When Stocks And Bonds Go Down Together

High on the list of the greatest fears among investors is a scenario in which stocks and bonds go down together.

Last week, those fears were realized when the S&P 500 (SPY) suffered its worst week since January 2016, while long-term Treasury bonds (TLT) also declined.

Source Data: Pension Partners, YCharts

This was an unusual occurrence, to say the least. Of the 20 worst weekly S&P 500 declines since July 2002 (inception of the long-duration ETF), last week was only the second time long-duration Treasuries also finished lower.

Treasuries tend act as a safe haven during times of equity market stress, showing positive returns on average during the worst stock market declines. This tendency is amplified on the long end of the curve, as investors are often positioning for weaker economic conditions that coincide with falling interest rates. A precipitous drop in interest rates, of course, is the best friend of duration.

However, there are certain times when the very source of equity market anxiety is a rise in interest rates and potential inflation. During such times, you can see stocks and long bonds fall together. We last saw this briefly in 2013 during the so-called "taper tantrum"...

The taper tantrum would ultimately prove to be short-lived. For the remainder of 2013, while Treasury yields continued to rise, stocks surged higher. The S&P 500 ended up posting its best gains since 1997 (+32%).

In the past few weeks, we've seen stocks and bonds fall together, with a sharper decline in the S&P 500 than 2013.

Is this high correlation between stocks and bonds likely to continue in the months and years to come? Anything is possible, but I have my doubts.

If the equity declines persist, market participants will likely begin expect an easier Federal Reserve (currently, the market is anticipating 3 hikes in 2018). This will cause yields on the short end to fall, providing support to short-term bonds. On the long end, interest rates tend to move in step with growth and inflation. Most persistent equity declines are characterized by falling growth/inflation, and in turn, would suggest lower long-term bond yields.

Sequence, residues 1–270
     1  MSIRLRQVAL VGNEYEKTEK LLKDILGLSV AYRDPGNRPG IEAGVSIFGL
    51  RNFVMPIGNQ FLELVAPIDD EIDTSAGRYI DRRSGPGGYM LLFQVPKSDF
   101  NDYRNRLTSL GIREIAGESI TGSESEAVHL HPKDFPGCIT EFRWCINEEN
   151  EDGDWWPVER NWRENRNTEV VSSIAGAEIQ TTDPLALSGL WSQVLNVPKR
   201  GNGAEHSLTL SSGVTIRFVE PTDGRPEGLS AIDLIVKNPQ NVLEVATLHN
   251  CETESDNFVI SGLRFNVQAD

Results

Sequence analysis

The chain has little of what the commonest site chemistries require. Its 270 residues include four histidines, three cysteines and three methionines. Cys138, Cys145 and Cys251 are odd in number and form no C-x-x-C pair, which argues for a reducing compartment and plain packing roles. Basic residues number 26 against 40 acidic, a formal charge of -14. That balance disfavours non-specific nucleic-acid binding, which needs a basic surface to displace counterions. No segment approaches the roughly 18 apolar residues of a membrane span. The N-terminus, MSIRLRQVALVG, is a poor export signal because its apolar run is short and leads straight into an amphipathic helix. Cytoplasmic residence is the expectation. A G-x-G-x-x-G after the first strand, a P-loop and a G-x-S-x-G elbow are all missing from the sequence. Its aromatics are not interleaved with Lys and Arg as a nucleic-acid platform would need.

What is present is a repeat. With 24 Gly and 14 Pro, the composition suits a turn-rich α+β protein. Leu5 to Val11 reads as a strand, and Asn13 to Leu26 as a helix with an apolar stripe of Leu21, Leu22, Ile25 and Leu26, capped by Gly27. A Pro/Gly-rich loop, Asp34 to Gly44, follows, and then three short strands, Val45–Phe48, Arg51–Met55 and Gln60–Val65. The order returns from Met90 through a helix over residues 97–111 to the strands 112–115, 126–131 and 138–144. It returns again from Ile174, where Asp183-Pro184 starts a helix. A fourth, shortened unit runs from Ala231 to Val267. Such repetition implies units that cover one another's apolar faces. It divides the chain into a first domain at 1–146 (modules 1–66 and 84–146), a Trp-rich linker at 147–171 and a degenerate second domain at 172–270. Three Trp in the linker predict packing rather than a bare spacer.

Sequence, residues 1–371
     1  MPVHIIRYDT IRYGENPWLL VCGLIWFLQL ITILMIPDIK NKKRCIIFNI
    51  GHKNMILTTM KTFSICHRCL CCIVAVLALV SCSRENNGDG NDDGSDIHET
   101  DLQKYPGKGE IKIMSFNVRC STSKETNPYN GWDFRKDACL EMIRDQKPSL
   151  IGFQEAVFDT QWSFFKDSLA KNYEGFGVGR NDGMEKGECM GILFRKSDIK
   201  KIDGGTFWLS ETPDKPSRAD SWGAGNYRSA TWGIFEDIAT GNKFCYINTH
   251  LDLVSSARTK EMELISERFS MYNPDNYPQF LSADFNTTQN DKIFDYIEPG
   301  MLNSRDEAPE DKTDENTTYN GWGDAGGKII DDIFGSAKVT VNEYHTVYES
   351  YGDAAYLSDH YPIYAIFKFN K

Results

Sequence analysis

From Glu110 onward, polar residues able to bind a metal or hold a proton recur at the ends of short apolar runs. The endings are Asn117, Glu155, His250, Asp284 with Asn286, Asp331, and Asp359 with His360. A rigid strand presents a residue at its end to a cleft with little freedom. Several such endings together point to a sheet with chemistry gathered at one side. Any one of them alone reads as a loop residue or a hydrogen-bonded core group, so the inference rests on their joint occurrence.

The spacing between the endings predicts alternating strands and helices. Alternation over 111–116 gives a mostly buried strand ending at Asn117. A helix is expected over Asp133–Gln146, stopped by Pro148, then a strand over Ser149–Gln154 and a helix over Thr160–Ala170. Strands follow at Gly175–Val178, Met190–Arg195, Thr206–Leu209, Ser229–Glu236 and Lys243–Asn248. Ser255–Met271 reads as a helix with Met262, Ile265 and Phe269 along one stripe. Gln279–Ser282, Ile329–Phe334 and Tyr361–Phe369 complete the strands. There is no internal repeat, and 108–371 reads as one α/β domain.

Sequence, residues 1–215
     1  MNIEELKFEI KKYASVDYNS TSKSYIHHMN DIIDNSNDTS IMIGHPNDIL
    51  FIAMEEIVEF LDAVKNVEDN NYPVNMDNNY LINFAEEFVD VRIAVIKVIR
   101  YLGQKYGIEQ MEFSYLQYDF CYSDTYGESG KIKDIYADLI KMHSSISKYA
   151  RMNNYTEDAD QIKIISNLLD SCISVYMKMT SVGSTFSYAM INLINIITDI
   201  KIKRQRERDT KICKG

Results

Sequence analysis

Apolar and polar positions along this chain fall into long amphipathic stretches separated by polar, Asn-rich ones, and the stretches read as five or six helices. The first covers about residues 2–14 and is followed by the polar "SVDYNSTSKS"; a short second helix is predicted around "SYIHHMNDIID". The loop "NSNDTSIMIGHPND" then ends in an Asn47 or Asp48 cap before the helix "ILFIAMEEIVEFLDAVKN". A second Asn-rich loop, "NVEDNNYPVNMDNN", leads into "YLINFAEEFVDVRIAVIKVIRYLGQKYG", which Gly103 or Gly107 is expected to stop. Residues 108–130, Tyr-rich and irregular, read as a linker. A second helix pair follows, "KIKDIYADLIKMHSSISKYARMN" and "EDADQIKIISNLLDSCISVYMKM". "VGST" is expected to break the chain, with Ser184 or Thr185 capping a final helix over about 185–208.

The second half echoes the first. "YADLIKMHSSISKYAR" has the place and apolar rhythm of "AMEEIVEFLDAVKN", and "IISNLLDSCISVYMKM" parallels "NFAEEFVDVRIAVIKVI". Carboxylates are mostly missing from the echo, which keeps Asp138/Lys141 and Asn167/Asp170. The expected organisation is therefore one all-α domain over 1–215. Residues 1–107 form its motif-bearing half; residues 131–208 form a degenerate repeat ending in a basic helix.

Since 1928, the S&P 500 and 10-Year Treasury bonds fell in the same calendar year only 3 times (3% of the time), last occurring in 1969.

Source Data: Pension Partners, YCharts, Stern.NYU.edu/~adamodar

Will 2018 be the fourth time? Perhaps, but the odds seem to be against that outcome becoming the norm. Much more common have been years in which stocks and 10-Year Treasuries rose together (59% of the time) and years in which stocks and bonds moved in opposite directions (38% of the time).

After the recent declines in both stocks and bonds, there will be opportunists suggesting this is why diversification "doesn't work." Ignore them at all costs. Making long-term portfolio decisions based on short-term market outcomes is not a recipe for success.

If anything, today's environment calls for more diversification, not less. In general, the worse the reward/risk in an asset class, the less concentration risk you should choose to incur. With interest rates near historic lows and U.S. equity valuations near historic highs, having increased diversification in terms of asset classes, geographies, and strategies would seem to be a prudent idea in the years to come. If we could predict the future, we would know if such diversification would be helpful, unnecessary, or a drag on returns.

But since we don't know what will happen tomorrow, we diversify today.